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High Tourism Area in Pennsylvania to Benefit from New USDA-Funded Wastewater System

A herd of elk, part of the largest wild elk herd in the Northeastern United States, can continue to graze in their natural habitat due in part to to a new Rural Development funded wastewater treatment system that will clean up two watersheds.

A herd of elk, part of the largest wild elk herd in the Northeastern United States, can continue to graze in their natural habitat due in part to to a new Rural Development funded wastewater treatment system that will clean up two watersheds.

USDA Rural Development officials and Congressman Glenn Thompson celebrated Earth Day this week in Benezette Township, Elk County, Pennsylvania.   Benezette Township, home of the largest wild elk herd in the Northeastern United States, lacks public sewer, preventing economic growth and damaging two watersheds with run-off from malfunctioning on-lot septic systems.

Despite the overwhelming thought that building a $2.5 million wastewater treatment facility would be an impossible task in a small, rural community like Benezette, Pennsylvania Rural Development was able to make it possible through a USDA Water and Waste Disposal loan and grant. The new sewage system will serve the year-round residents and the 50,000 tourists who visit this area each year to hunt, fish, camp and view the elk.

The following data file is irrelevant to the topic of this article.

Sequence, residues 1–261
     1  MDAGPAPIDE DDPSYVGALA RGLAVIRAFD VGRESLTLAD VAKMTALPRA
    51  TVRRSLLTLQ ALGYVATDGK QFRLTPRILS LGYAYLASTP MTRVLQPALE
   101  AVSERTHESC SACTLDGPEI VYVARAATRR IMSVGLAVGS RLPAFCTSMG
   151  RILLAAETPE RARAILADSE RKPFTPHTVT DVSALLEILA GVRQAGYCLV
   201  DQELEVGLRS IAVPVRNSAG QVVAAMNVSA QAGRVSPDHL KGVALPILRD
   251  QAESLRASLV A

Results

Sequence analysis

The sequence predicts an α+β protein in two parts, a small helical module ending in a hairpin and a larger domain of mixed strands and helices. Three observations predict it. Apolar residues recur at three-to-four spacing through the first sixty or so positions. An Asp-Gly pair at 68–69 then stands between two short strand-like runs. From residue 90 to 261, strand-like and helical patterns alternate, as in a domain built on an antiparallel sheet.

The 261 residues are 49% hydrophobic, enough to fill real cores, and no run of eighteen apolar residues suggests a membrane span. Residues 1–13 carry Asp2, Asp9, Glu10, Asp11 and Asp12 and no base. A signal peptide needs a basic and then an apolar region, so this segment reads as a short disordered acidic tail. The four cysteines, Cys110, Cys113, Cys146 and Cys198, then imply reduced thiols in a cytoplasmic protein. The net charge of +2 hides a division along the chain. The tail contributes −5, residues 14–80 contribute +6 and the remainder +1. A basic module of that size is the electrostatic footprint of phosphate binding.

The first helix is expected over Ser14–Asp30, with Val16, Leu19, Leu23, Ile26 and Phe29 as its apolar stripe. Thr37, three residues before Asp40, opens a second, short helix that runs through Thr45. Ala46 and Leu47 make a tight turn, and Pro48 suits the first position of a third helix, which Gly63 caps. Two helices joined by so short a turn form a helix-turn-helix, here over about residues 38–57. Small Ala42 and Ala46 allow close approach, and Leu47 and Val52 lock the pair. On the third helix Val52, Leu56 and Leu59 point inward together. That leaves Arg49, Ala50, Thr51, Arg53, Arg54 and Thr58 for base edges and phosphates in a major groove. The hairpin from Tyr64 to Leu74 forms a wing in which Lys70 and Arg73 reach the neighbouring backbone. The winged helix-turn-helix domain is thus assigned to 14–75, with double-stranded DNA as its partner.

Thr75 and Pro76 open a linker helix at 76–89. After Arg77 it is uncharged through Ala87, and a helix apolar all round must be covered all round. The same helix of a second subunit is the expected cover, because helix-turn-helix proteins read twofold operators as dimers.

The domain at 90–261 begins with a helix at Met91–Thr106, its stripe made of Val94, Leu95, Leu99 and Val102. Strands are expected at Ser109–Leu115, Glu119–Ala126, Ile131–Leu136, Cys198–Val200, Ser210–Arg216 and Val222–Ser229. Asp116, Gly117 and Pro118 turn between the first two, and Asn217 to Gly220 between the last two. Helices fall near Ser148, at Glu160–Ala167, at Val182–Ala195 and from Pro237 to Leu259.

Township Supervisor James McCluskey with Rural Development Loan Specialist Maribeth Giannone overlooking the rolling hillsides, part of the many picturesque views in Benezette Township that will be protected by the new wastewater treatment system.

Township Supervisor James McCluskey with Rural Development Loan Specialist Maribeth Giannone overlooking the rolling hillsides, part of the many picturesque views in Benezette Township that will be protected by the new wastewater treatment system.

Following remarks from the Congressman and Rural Development staff, Earth Day attendees toured the newly constructed Elk Country Visitors Center that will connect to the system. Attendance at the visitor center is estimated to reach 160,000 annually by 2016.

To find out more about how USDA Rural Development can assist you and your community, click here.

Congressman Glenn Thompson center, with Benezette Township Supervisors and Rural Development Area Director Bob Schoenfeldt on right marked Earth Day 2011  with a celebration of Rural Development funding for a new sewage treatment plant.

Congressman Glenn Thompson center, with Benezette Township Supervisors and Rural Development Area Director Bob Schoenfeldt on right marked Earth Day 2011 with a celebration of Rural Development funding for a new sewage treatment plant.

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